Referring to FIG. 1 a media flow converter 105 is shown for use with a server 100 for coordinated streaming using a single Real Time Protocol (RTP) producer 130 for handling multiple audio services 140. The media flow converter 105 can include an RTP producer 130 and a plurality of audio objects 110 for directing the flow of media from at least one service 140 to a RTP client 180. The audio objects 110 can each have their own corresponding audio channel 120 for delivering media. For example, the services 140 can include Text-to-Speech Synthesis (TTS) or music streaming. In one example, the RTP client 180 can reside on a remote server and request a media streaming service such as TTS from the server 100. The server 100 can host multiple service applications running simultaneously to support multiple RTP clients 180 through a Real Time Protocol (RTP). Each service 140 can have a corresponding audio object 110 within the media converter 105 assigned to a service 140 for handling the service. An audio object 110 can be assigned to a service for handling the requirements of the service. For instance, an audio object 110 can open up a socket connection to a service 140 for receiving media. The socket can be over TCP for a streaming connection or UDP for a datagram connection. Each audio object 110 can be responsible for ensuring connectivity with the service as well as controlling access to the media.

The audio objects 110 can each include an audio queue 112 for receiving media. The audio queues 112 can support the media received from the service 140 along the audio channel 120 to the RTP client 180 or the RTP producer 130. The audio channels 120 are the communication channels for sending and receiving data between the services 140 and the RTP clients 180. The audio objects 110 can control the flow of delivery from each service by setting the size of receive buffers, or queues 112. In one arrangement, the audio threads 110 can packetize audio media provided by the service 140 into RTP format. For example, the audio object receives media from the services 180 and can partition and encapsulate the media into RTP packets placed on the audio queue 112. The RTP packets can comply with RTP format for keeping the packets sizes sufficiently small to ensure reliable delivery, but not too small to make the number of required deliveries inefficient.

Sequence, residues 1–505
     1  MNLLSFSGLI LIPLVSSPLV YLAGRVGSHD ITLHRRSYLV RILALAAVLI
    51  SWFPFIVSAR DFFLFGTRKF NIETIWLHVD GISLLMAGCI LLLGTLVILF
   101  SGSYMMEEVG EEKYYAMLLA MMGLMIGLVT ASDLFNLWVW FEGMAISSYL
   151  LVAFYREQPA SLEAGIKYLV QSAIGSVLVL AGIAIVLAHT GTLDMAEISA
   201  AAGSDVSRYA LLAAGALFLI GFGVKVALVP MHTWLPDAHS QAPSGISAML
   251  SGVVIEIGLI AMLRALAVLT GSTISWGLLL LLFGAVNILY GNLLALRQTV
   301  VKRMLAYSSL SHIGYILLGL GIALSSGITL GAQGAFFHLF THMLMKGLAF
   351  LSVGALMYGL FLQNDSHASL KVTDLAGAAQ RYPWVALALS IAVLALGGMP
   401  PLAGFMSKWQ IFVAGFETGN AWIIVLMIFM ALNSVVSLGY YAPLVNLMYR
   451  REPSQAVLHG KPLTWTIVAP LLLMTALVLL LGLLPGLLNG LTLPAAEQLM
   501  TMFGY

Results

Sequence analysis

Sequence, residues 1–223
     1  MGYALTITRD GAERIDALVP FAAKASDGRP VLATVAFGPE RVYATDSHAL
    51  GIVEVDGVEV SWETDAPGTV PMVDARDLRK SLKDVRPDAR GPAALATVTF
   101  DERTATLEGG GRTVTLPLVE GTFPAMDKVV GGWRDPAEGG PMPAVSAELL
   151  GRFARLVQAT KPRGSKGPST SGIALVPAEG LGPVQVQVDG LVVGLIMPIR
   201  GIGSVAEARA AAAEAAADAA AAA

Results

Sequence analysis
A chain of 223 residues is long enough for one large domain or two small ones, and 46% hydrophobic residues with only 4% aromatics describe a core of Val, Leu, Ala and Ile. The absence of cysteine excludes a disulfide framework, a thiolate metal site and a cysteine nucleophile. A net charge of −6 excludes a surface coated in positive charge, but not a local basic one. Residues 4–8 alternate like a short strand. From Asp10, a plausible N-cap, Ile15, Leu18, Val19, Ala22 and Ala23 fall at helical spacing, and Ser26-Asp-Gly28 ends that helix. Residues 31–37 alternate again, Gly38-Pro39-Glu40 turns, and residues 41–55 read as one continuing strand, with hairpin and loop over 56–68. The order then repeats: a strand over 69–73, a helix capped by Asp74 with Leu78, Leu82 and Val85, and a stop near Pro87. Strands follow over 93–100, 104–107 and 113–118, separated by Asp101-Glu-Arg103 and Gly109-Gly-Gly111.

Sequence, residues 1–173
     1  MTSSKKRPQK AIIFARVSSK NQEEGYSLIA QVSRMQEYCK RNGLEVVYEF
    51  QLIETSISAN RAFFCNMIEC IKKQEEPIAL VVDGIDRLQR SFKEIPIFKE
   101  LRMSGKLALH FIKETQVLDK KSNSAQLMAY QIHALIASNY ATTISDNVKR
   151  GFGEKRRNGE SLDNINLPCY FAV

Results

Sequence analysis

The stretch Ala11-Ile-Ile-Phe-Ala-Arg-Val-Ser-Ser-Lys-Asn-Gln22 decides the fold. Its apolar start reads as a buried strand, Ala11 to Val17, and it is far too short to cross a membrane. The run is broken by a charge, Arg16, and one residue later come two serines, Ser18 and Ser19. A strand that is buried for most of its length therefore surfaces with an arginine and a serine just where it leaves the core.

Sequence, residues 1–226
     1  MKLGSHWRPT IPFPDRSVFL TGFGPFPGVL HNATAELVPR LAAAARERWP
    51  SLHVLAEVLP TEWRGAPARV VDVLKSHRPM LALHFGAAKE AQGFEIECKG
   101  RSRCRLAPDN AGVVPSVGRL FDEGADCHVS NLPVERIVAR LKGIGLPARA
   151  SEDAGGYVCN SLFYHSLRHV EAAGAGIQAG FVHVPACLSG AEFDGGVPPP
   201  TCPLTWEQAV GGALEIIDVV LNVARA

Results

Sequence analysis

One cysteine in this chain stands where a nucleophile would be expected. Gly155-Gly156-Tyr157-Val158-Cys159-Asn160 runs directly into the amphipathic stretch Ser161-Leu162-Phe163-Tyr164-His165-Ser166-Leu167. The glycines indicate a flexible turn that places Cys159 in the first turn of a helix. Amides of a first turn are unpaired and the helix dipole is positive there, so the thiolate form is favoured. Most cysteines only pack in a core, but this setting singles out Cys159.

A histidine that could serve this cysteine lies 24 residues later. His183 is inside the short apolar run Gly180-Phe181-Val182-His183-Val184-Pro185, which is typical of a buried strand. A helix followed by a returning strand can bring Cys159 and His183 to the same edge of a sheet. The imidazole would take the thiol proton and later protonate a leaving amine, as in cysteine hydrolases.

The RTP producer 130 determines which RTP clients 180 require media delivery, and which corresponding audio objects 120 are prepared and ready for delivering the RTP packets to support the service. The RTP producer 130 can direct methods within the audio objects 112 to send RTP packets within the queue 112 to the RTP Client 180 for rendering the media at the client 180. In one arrangement, the RTP producer 130 can include a timer 132 for determining when RTP packets from a service 140 should be sent to a RTP Client for achieving real-time delivery. The timer 130 can obtain a native clock from the underlying operating system or from a software abstraction. For, example, the timer 130 can directly reference the operating system clock using a native function call written in the native programming language. The native language can be the C language. For instance, the media flow converter 105 can include native method calls using a Java interface to a C function for acquiring the granularity of the system clock. The RTP producer 130 can reference the timer 132 to schedule delivery of RTP packets from the audio threads 110. The RTP producer 130 can produce a delivery schedule for coordinating the delivery of RTP packets from each of the audio objects 110. The delivery schedule can include a list of audio objects and with their corresponding delivery time requirements.